Dr. Ikeshia Smith

Smith is part of Mind Your Business, an organization founded in November 2019 by Minister Marquez Johnson. “He realized a lot of people in churches were talking to their pastor about things the pastor was not equipped to handle,” Smith said. “His vision was to help leaders help people cope with everyday stress. We are there to be a support to them.” A tenet of Mind Your Business is “It’s OK not to be OK.”

Up to 10 people usually show up for sessions, and sometimes the crowd swells to about two dozen. Mind Your Business seeks out mental health providers in the communities it serves and operates The Hub, which helps people with utility bills and food.

One of the biggest impacts has been on people suffering grief and loss, Smith said. “You’d be surprised how many individuals are carrying around something very, very heavy,” Smith said.

Two months ago, Mind Your Business helped 20 pastors complete a course on mental health first aid training “to understand the symptoms that may be occurring,” Smith said. That helps them tell congregants, “Here’s what I can do while we’re connecting you with a mental health provider.”

Susan Jennings

Jennings leads the Mental Health Referral Panel at Westminster Presbyterian Church, which has published a booklet helpful to Grand Rapids residents. Since the panel’s founding in 2015, 180 individuals and couples have been served, “and there has been increased education and awareness through adult education and faith formation programs,” Jennings said. “Staff members use the panel. They are paying attention to their mental health needs. We have 22 staff, and six have used the panel, myself included. We have to take care of ourselves to take care of others.”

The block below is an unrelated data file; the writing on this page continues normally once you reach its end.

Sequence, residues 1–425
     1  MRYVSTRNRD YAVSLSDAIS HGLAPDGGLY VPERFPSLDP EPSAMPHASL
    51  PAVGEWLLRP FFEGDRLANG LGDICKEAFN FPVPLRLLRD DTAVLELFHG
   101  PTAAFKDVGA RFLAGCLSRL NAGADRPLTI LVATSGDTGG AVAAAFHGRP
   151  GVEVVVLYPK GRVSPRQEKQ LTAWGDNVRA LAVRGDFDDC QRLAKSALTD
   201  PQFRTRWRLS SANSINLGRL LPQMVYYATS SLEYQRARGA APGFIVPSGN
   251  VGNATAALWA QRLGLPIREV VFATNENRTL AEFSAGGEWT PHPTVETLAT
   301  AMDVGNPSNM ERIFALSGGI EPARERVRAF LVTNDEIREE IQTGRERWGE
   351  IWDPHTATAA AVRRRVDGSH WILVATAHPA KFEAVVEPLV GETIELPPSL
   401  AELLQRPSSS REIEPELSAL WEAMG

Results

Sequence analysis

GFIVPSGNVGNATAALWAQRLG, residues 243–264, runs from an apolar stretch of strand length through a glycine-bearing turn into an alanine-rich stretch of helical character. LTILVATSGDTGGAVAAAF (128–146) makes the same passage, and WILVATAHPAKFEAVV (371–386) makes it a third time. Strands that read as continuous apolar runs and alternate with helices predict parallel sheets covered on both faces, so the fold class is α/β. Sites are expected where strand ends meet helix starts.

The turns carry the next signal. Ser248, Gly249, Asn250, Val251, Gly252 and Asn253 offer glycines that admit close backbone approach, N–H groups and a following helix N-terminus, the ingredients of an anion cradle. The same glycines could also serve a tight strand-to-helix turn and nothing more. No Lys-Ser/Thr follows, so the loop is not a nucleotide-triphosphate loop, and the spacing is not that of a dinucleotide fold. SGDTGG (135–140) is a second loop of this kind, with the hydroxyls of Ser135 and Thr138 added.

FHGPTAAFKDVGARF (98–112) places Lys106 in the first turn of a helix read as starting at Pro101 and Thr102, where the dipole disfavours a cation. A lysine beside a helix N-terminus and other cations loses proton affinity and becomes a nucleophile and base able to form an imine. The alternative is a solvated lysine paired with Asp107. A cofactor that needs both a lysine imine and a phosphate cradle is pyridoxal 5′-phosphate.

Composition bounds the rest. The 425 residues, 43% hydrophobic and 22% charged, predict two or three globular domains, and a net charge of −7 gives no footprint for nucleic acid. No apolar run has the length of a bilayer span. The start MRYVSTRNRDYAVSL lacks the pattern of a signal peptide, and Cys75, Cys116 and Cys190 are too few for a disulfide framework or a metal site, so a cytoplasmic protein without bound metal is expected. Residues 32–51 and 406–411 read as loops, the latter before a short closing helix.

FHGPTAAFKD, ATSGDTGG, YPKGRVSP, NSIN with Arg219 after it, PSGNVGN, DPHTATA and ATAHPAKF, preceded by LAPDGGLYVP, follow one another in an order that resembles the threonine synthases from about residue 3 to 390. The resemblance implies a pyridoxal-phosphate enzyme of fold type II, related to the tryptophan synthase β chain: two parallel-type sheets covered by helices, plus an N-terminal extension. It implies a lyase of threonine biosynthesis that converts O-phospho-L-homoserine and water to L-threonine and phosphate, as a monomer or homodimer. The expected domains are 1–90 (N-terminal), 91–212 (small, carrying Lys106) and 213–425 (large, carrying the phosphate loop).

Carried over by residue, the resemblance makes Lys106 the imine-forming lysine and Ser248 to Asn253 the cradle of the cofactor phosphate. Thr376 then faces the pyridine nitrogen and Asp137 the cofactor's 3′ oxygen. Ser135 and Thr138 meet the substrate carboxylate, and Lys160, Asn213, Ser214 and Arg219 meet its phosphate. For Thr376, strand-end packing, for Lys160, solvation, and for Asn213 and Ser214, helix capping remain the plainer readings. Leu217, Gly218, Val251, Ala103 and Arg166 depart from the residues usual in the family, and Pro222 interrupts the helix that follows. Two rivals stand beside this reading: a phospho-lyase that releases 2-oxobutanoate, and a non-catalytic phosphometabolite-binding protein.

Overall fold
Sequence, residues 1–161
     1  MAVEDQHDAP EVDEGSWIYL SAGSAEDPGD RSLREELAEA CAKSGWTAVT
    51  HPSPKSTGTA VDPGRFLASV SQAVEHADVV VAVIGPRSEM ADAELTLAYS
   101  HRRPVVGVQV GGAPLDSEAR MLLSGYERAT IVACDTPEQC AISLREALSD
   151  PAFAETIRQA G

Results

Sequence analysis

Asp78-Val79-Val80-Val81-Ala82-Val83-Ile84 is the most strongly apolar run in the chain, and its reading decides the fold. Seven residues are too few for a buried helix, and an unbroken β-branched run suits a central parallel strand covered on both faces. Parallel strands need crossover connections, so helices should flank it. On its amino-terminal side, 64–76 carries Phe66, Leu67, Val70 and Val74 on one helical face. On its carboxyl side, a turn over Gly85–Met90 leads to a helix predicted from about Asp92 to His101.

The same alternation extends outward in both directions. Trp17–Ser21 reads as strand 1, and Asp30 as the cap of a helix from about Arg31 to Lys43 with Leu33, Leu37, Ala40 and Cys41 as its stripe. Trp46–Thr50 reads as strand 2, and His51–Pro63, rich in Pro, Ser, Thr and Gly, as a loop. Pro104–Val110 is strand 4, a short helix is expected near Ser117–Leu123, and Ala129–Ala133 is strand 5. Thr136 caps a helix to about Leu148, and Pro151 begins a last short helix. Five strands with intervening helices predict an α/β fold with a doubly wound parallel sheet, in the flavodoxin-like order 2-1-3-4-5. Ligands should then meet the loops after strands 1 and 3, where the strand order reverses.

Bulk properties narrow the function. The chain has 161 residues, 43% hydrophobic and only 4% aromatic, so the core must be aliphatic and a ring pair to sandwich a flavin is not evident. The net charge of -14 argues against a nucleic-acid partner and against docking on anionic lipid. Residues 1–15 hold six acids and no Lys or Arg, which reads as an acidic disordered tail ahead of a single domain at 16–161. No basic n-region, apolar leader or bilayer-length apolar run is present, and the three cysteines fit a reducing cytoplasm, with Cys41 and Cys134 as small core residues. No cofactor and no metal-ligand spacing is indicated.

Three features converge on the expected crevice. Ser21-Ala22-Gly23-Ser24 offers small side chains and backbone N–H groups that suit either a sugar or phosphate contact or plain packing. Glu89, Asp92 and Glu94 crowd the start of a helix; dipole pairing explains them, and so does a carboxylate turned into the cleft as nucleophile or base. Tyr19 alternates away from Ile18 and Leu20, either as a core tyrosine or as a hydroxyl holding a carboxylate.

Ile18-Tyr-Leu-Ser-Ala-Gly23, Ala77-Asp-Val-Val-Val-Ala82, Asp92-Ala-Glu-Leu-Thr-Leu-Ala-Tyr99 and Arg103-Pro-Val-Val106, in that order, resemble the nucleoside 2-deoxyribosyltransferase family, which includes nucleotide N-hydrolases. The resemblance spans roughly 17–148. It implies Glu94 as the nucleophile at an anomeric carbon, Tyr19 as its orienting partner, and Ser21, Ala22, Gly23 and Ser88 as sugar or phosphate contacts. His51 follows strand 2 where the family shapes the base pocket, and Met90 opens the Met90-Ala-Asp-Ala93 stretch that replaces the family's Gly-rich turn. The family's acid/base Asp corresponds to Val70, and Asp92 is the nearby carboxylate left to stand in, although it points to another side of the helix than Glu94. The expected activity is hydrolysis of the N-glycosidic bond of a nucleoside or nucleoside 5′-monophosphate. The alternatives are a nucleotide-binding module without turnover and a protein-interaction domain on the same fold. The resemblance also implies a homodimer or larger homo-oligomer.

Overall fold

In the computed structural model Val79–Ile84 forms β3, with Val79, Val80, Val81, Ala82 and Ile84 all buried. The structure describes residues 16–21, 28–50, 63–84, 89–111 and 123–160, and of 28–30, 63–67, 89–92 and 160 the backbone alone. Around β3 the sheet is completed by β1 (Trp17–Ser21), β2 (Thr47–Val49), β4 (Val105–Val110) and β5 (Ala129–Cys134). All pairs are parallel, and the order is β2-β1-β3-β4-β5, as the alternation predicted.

Asked by Rick-Miller to name the one thing they wish clergy knew about providing mental health care, Smith said, “While prayer can be useful in alleviating symptoms, so is therapy and medication. In our community we are told to pray, but there are other tools out there.”

“I have told pastors that modeling is important,” Smith said. In churches where the pastor is providing mental health support, “I wonder how that would change the view of the congregation.”

“You are making a difference for people,” Weaver said. “Oftentimes you are that trusted person who can open up that conversation. You may also recognize this person needs more than that we can do here and perhaps provide that warm handoff to additional services when needed.”

“I encourage all of us to continue the conversation,” Jennings said. “Admitting you need help helps people feel they’re not so isolated.”

The Rev. Drew Rick-Miller

Wrapping up the webinar, Rick-Miller said he’s learned this through his work engaging science and the church: Scientists are not scary.

“Many scientists would really like to bring skills and knowledge to the service of the church. Don’t be afraid to ask,” Rick-Miller said. “See what they can do to help you meet the needs in your church and in your community.”

“We all share the goal of helping people flourish,” Rick-Miller said, “and right now, mental health is a real challenge for us.”